CHROMagar Candida is a commonly used phenotypic method for the identification of Candida species (6). CHROMagar Candida contains enzymatic substrates that are linked to chromogenic substrates; different enzymes produced by Candida species act upon enzymatic substrates and result in color variations, which can be used to identify the yeasts (7, 8). The isolates of Ca5508, CaBD4291, C. albicans ATCC 90028, and C. krusei ATCC 6258 were cultured on CHROMagar Candida media (Biocell Ltd., China) and then incubated aerobically at 30°C for 48 hours according to the manufacture’s instruction. After 48 hour of incubation, all the strains grew and the colonies were clearly distinguished based on characteristics. The two isolates were also identified using the VITEK 2 YST system (bioMerieux Ltd., French) according to the manufacturer’s instruction (9, 10).

The isolates were incubated on Sabouraud dextrose agar (SDA) plates at 35°C for 24 hours. A single positive colony of each plate was cultured in the liquid medium of Yeast extract peptone dextrose (YEPD) at 35°C for 16~18 hours in order to obtain Candida solution with a concentration of 2 × 108 CFU/mL. Then, total genomic DNA templates of these isolates were extracted using the HP Fungal DNA Kit (Omega bio-tec Ltd., USA) based on the manufacture’s instruction. PCR reaction was performed with primers (11-13) Its1 (5’-TCCGTAGGTGAACCTGCGG-3’), Its4 (5’- TCCTCCGCTTATTGATATGC-3’), Ca1 (5’-GGTTTGCTTGAAAGACGGTAG-3’), Ca2 (5’-AGTTTGAAGATATACGTGGTAG-3’), Ct1 (5’-CAATCCTACCGCCAGAGGTTAT-3’), and Ct2 (5’-TGGCCACTAGCAAAATAAGCGT-3’). The multiplex-PCR was performed under the following conditions: 96°C for 5 minutes, followed by 35 cycles of 94°C for 30 seconds, 58°C for 30 seconds, 72°C for 45 seconds, and final extension at 72°C for 15 minutes. PCR products were electrophoresed in a 2% agarose gel with ethidium bromide for 45 minutes, 100V.

3.2. In Vitro Antifungal Susceptibility Testing

The micro broth dilution method of clinical and laboratory standards institute (CLSI) M27-A3 guidelines was used for susceptibility testing of the isolates (14). Yeast cells at a final concentration of 5 × 102 to 2.5 × 103 per mL were incubated in RPMI 1640 medium buffered with 0.165 mol/L 3-[N-morpholino] propanesulfonic acid (MOPS) at 35°C for 24 hours or 48 hours (reference by CLSI document M27-A3). Only those consequences for control strains (C. parapsilosis ATCC 22019 and C. krusei ATCC 6258) with MICs within the established reference range were used in the study.

3.3. Molecular Analysis

Random amplified polymorphic DNA (RAPD) and multi-locus sequence typing (MLST) methods were used to analyze the two isolates of Ca5508 and CaBD4291. The genetic mutations responsible for 5-FC resistance were investigated by the polymerase chain reaction (PCR) and sequencing technique.

For RAPD, a single short primer of arbitrary sequence Ca2 (5’-GCGATCCCCA-3’) was used to bind randomly to the target DNA resulting in the amplification of fragments of unknown sequence (15). The amplification reaction was carried out under the following conditions: 94°C for 5 minutes, followed by 35 cycles of 94°C for 30 seconds, 37°C for 30 seconds, 72°C for 90 seconds, and final extension at 72°C for 10 minutes. RAPD products were separated using gel electrophoresis in a 2% agarose gel with ethidium bromide for 45 minutes, 100V.

For MLST, the recommended sequence of oligonucleotide primers for the amplification of AAT1a, ACC1, ADP1, MPI1, SYA1, VPS13, and ZWF1b was used; the sequence of oligonucleotide primers is available at the MLST database homepage (http://calbicans.mlst.net/misc/info.asp). The genomic DNA was amplified by PCR, and the reaction was carried out under the following conditions: 94°C for 5 minutes, followed by 35 cycles of 94°C for 30 seconds, 55°C for 30 seconds, 72°C for 45 seconds, and final extension at 72°C for 10 minutes. PCR products were separated using electrophoresis in a 1.5% agarose gel with ethidium bromide for 45 minutes, 100 V. Then, the specific bands were excised from the gel, and PCR products were sequenced and confirmed by an external company (BGI ltd., China). Sequence analysis was performed using molecular evolutionary genetics analysis (MEGA) 6.0 software. MLST data have been deposited in the MLST database (http://calbicans.mlst.net).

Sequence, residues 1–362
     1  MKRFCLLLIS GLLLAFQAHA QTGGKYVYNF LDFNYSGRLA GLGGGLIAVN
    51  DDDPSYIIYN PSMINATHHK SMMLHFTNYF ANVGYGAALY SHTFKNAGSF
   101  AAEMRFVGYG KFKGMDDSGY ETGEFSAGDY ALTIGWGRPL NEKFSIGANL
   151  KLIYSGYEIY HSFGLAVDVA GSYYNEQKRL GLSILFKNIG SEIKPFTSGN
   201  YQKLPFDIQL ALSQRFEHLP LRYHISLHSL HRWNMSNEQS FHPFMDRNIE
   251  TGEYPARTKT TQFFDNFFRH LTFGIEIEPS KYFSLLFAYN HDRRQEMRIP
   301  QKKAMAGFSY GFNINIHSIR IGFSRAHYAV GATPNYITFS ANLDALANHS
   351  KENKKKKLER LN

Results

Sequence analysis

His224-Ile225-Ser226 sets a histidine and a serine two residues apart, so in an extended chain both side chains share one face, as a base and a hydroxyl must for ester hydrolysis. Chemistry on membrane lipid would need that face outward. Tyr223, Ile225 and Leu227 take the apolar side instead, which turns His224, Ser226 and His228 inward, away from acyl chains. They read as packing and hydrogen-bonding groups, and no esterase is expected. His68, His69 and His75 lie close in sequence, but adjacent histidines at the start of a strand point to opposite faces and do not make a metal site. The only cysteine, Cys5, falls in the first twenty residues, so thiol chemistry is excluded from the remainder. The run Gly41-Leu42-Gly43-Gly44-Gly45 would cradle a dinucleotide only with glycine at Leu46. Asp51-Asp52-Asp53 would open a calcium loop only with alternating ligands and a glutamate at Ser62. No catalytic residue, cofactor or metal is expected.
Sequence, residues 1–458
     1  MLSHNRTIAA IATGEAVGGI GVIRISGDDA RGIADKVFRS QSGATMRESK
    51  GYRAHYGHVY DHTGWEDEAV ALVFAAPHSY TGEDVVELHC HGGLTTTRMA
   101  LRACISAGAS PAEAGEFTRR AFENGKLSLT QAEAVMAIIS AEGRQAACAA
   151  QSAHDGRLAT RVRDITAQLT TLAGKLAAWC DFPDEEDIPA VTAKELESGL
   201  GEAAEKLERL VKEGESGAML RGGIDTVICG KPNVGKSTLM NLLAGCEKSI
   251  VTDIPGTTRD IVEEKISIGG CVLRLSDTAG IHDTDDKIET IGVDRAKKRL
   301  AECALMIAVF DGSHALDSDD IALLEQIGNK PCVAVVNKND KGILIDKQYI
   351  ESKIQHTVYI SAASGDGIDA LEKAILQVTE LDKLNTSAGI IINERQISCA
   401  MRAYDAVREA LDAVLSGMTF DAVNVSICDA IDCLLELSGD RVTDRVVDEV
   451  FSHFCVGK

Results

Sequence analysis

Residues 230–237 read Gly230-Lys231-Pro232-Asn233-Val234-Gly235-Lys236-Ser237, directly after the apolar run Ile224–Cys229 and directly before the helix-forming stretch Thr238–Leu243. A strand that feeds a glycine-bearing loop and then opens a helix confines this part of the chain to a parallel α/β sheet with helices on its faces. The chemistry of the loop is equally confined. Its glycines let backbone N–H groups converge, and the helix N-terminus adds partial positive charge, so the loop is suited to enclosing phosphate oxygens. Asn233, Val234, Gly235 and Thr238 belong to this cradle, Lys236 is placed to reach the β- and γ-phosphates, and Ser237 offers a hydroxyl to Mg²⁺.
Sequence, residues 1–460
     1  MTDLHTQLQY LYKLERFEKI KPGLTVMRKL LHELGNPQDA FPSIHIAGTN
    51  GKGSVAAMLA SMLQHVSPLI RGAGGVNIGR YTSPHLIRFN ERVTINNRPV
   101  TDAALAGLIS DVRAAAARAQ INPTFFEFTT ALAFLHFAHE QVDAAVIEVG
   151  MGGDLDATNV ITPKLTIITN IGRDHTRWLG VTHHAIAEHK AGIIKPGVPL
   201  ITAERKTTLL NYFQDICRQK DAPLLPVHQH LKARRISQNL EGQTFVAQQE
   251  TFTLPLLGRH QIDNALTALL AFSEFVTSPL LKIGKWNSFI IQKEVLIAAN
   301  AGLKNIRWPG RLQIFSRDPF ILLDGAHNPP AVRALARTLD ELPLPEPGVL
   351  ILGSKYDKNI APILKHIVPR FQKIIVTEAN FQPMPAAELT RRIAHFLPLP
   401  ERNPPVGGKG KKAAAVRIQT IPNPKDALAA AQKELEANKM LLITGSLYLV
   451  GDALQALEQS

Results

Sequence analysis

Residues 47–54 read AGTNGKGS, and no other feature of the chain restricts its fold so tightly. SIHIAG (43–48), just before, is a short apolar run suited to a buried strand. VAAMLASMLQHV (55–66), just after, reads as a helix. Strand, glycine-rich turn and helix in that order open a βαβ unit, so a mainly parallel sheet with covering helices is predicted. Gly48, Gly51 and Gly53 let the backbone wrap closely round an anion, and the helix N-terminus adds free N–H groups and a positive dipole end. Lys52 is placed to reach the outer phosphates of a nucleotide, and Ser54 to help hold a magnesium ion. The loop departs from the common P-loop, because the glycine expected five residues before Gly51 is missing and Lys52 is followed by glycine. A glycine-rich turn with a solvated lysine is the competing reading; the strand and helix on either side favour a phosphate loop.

Amplification and sequencing of 5-FC resistance-associated genes (FUR1, code for uracil phosphoribosyltransferase, and FCA1, code for cytosine deaminase) were also performed using a procedure described previously (16). The sequences of the two isolates were compared with the reference strain SC5314.

4. Results

4.1. Strain Isolation and Identification

The isolates Ca5508 and CaBD4291 produced green colonies in CHROMagar as the same as the reference strain of C. albicans ATCC 90028, but different from the isolate of C. krusei ATCC 6258 with pink colonies (Figure 1). Therefore, the isolates Ca5508 and CaBD4291 were preliminarily identified as C. albicans. The two isolates were also identified as C. albicans using VITEK 2 YST system (bioMerieux Ltd., French) according to the manufacturer’s instruction (9, 10).

Different colony colors and morphologies of various Candida species on CHROMagar Candida. Isolates of C. krusei ATCC 6258 (A), C. albicans ATCC 90028 (B), CaBD4291 (C), and Ca5508 (D) on CHROMagar Candida.
Figure 1. Different colony colors and morphologies of various Candida species on CHROMagar Candida. Isolates of C. krusei ATCC 6258 (A), C. albicans ATCC 90028 (B), CaBD4291 (C), and Ca5508 (D) on CHROMagar Candida.

The gel electrophoresis of multiplex-PCR products showed that the bands of the isolates Ca5508 and CaBD4291 were consistent with the bands of the isolate of C. albicans ATCC 90028, but different from that of the isolate of C. krusei ATCC 6258 (Figure 2).

Electrophoresis of Multiplex PCR for detection of the isolates. Lane1, isolate Ca5508; Lane2, isolate CaBD4291; Lane3, C. albicans ATCC90028; Lane4, C. krusei ATCC6258; and Lane M, Trans2k DNA Marker (Transgen Biotech, China). The electrophoresis of Multiplex PCR products showed that the bands of the isolates Ca5508 and CaBD4291 were consistent with the band of the isolate of C. albicans ATCC 90028 (150 bp), but different from that of the isolate of C. krusei ATCC 6258 (515 bp).